Valentine’s Day Is A Moment, But The Future Is Forever …

One of the things that frustrates me is when companies talk loudly and proudly about their ambition but then follow it up with, “but we have to take baby steps to get there”.

The only thing that annoys me more is when agency folk say the work they’ve made isn’t great, but it does, “push the client a bit further than they were before”.

Look, I get it … there are many implications to what we do, but as much as this ‘softly, softly’ approach may sound like it makes sense, it often ends up being counter-productive.

Being slightly better than where you were means nothing if everyone around you is taking huge strides forward.

But of course, just blindly rushing ahead often ends up with people getting burnt … just like planning your progress while constantly looking through the rear-view mirror.

At some point, you have to take a leap.

A step-change from what is known and established to something that changes how you, your audience and your competitors look at what is possible.

For me, this is what innovation truly is about, not micro-improvements designed to keep a company or product up to date with what the category and their competitors are doing.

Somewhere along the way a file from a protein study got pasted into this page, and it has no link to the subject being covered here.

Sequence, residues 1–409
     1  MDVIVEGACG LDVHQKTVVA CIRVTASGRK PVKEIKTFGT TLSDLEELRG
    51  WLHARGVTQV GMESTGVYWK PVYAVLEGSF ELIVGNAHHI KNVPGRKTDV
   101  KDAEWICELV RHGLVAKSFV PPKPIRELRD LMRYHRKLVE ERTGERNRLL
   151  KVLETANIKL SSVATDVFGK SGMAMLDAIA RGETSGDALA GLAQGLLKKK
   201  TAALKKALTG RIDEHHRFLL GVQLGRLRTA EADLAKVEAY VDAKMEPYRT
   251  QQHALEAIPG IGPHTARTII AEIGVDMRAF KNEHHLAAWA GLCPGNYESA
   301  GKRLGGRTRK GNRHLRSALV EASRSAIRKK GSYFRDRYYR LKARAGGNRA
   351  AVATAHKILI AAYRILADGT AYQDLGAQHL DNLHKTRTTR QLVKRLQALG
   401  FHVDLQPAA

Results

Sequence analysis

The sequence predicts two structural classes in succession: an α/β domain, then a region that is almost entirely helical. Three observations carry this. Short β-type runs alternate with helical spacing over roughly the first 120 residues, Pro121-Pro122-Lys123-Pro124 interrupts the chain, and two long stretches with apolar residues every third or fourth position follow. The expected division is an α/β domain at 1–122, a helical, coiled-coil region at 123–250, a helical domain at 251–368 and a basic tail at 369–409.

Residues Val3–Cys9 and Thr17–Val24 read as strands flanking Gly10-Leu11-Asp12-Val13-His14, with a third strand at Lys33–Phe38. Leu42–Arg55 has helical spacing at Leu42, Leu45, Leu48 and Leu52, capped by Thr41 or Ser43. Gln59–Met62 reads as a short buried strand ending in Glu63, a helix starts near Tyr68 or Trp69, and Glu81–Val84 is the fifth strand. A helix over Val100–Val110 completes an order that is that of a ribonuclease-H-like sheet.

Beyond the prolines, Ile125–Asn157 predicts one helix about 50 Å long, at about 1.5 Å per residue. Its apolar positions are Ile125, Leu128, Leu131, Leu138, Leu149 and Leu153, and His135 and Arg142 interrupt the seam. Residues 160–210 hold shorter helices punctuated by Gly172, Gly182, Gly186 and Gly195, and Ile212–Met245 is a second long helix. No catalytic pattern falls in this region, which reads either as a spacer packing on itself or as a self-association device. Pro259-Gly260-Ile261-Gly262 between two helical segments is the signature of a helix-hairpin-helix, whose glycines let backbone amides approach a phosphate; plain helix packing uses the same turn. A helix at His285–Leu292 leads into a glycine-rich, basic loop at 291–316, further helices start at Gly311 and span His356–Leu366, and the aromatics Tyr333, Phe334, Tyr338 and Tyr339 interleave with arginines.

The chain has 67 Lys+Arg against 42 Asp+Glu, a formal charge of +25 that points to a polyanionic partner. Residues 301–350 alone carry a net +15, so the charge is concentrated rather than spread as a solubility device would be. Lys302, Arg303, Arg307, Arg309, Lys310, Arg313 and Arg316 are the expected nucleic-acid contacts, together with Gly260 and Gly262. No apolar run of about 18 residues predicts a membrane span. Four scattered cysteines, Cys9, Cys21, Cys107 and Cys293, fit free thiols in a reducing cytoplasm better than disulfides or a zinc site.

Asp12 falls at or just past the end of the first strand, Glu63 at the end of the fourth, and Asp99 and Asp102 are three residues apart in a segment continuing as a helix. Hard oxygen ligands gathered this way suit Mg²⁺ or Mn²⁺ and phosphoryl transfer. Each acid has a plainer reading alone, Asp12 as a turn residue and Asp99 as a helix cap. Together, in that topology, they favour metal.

I get for the company involved, that may feel like a big step – and for them, maybe it is – but it’s not really moving them ahead, it’s just keeping them closer behind the people leading – and owning – change.

To make it worse, culture don’t really care how big a step it was for you, they care about what’s in it for them – so if it’s not done to move them forward, you’re basically putting the ‘no’ in innovation.

So how do you leap forward without falling?

Well, on one level, you can’t.

Innovation of any kind runs the risk of failure … that is inherent to anything that is trying to dramatically move forward.

However you can improve the odds of success.

I’m not just talking about having an open attitude towards failure … where you look at it as a way to learn and progress rather than to lose due to unnecessary risk.